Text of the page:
Media Development for Viral Production
The base medium then was tested for viral production both at the flask and bioreactor level. Although the medium optimized in the experiments described above supported robust cell growth, we felt there was room for improvement in the production of infectious virus particles.
As factors that improve growth are not necessarily the same factors that will improve viral production, investigations into a two-part media system were initiated; one formulation would be used for cell growth and a different formulation would be used for viral propagation.
Additional optimization efforts concentrated on identifying key components that inhibit or increase viral production. Secondly, process issues were investigated, such as cell density at the time of infection, the timing and ratio of the production medium, and the addition of different feeds at the time of infection.
As many vaccines currently being produced in chicken eggs and CEFs are pox-based viruses, modified vaccinia ankara (MVA) was used as one of the model systems to investigate viral production. We found that the cell density at the time of infection did not appear to be as important in determining viral yields as the overall health of the cells (i.e., good growth of the cells following infection correlated with good viral titers).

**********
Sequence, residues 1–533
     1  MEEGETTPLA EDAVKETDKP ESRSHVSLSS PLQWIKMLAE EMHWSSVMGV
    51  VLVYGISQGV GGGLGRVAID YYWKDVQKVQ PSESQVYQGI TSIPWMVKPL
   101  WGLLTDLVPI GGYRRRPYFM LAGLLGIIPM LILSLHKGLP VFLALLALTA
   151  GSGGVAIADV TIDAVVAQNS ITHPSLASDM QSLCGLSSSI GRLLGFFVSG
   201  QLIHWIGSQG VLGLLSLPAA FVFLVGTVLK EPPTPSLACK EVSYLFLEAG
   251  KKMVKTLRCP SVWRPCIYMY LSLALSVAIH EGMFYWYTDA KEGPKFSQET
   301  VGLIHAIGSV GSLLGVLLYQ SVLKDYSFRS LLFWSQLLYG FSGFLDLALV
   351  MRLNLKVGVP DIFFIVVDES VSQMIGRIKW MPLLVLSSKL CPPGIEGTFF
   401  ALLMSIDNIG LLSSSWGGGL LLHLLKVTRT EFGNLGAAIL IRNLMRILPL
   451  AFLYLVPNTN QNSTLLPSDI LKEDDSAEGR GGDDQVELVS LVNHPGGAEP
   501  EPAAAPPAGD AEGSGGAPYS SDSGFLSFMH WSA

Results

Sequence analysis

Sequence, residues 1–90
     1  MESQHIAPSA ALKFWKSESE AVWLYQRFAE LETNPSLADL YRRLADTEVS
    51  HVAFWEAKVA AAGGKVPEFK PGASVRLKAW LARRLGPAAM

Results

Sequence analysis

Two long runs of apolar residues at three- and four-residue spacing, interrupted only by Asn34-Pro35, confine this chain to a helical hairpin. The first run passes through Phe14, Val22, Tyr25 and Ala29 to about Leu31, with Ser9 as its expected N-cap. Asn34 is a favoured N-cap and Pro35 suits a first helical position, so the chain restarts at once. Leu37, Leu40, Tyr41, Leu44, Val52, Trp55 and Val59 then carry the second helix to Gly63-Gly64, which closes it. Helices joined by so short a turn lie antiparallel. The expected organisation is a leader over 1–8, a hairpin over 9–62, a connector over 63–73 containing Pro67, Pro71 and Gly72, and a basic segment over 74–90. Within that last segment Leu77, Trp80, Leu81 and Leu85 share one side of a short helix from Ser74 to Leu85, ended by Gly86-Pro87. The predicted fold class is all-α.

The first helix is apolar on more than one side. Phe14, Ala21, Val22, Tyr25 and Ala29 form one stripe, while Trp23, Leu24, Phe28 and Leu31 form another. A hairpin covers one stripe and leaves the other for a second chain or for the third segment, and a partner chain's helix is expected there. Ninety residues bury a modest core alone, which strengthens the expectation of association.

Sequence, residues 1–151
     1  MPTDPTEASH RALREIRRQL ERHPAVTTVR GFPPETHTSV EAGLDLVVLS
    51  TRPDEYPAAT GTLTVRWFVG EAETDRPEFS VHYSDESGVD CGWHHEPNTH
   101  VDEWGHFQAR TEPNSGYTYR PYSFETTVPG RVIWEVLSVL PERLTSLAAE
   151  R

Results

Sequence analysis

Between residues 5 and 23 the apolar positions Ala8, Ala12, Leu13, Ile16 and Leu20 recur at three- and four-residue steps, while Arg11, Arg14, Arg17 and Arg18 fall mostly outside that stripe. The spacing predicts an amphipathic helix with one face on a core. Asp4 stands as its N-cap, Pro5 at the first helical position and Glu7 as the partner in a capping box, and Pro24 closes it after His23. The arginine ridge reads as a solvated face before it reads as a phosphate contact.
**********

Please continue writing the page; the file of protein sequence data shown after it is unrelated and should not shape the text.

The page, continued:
Consistent with this, there was not a significant effect on the viral titers based on the time of the addition of the production media. Most importantly, as shown in Figure 2, the addition of feeds at the time of infection greatly increased the viral titers. The base formulations are the growth and production media in the absence of feeds, which result in a peak MVA viral titer of 7.2logTCID50/mL.
Feed 1 increased the viral titer by approximately one log, but more importantly, the addition of Feed 2 increased the viral titer by a little more than two logs, resulting in a peak viral titer greater than 9logTCID50/mL. This level of viral titer is more than competitive with the methods currently employed by vaccine manufactures. Furthermore, high viral titers can also be reached with other viruses, such as A and B strains of human influenza (Figure 3).